The battle between component suppliers for the next iPhones has just entered its next phase, and Qualcomm
might be left behind in the dust. Intel has just proudly announced that they have reached a key milestone in the development of its 5G modem that takes it close to catching up with Qualcomm. But, perhaps, more importantly, it puts Intel in a more favorable position to be Apple’s go-to 5G partner, at a time when several market factors seem to be conspiring against Qualcomm.
To date, Qualcomm’s LTE modem chipsets still have a distinct advantage over the competition. For one, it boasts of the fastest and most stable performance among other modem chips. It also has one of the best support for CDMA networks, which Verizon and Sprint use, which isn’t surprising since it was instrumental in developing the technology.
5G, however, will change the game, and not just in data transfer speeds. Verizon has already indicated that it will practically be orphaning its CDMA network in the very near future, which would mark the end of CDMA itself. When that happens, the carrier and network market will be a more level playing ground revolving around 5G networks, and Qualcomm would have lost its one distinct advantage.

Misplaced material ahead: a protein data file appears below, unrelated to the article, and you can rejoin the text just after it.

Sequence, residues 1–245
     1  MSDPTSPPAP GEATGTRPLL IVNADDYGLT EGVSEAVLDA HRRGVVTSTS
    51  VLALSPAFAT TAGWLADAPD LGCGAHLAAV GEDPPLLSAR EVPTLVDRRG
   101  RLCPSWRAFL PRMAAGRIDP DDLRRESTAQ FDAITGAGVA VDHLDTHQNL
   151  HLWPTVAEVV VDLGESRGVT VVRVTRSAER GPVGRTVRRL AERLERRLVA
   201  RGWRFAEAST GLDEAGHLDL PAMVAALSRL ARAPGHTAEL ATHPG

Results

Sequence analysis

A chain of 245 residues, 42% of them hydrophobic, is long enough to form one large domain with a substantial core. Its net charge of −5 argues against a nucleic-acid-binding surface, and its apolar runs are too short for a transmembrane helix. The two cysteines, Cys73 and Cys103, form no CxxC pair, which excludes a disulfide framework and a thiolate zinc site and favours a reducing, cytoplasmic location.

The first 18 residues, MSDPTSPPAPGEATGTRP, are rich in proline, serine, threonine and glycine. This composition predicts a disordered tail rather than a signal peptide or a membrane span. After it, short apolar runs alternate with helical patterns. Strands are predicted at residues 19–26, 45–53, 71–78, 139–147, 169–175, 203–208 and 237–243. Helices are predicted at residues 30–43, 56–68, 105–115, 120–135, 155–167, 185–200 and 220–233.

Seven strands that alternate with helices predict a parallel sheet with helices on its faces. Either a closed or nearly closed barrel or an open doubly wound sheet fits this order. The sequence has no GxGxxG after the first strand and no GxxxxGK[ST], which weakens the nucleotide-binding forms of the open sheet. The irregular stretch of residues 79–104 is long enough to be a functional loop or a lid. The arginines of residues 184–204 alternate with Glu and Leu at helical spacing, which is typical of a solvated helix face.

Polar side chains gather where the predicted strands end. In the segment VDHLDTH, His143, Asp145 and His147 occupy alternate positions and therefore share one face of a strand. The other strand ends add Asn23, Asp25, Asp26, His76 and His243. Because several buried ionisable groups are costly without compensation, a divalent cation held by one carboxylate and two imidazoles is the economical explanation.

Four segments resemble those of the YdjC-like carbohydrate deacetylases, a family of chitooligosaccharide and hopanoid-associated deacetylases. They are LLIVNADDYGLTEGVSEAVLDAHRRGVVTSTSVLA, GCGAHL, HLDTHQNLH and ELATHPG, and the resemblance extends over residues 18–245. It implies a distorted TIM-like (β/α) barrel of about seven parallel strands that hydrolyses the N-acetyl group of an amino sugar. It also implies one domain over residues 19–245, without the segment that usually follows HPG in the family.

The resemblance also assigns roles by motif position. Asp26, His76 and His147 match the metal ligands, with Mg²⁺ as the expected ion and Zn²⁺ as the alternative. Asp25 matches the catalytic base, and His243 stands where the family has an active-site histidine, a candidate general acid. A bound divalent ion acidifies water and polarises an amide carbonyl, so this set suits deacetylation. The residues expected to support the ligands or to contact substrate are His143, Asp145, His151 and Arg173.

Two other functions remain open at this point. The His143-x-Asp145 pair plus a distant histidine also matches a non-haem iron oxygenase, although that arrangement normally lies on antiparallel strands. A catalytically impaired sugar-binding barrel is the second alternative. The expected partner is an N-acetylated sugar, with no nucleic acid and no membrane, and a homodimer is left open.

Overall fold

In terms of performance, however, Intel might still have a bit of catching up to do. It has just recently announced that it was able to successfully make a full end-to-end 5G call, based on its first 5G silicon that it announced early this year. That might not yet be enough to put it on the same footing as Qualcomm, but it has a very big incentive to pick up the pace: Apple.
As the rift between Apple and Qualcomm widens, the former’s need to look for alternative suppliers also increases. Intel’s progress on the 5G front, paired with the upcoming retirement of CDMA, will make it easier for Apple to push Qualcomm out of the picture. The only problem now, at least for Apple, is finding a second supplier to prevent Intel from monopolizing negotiations. At this point, MediaTek, the only other alternative, might not yet be up to the task in 5G support.
VIA: Fast Company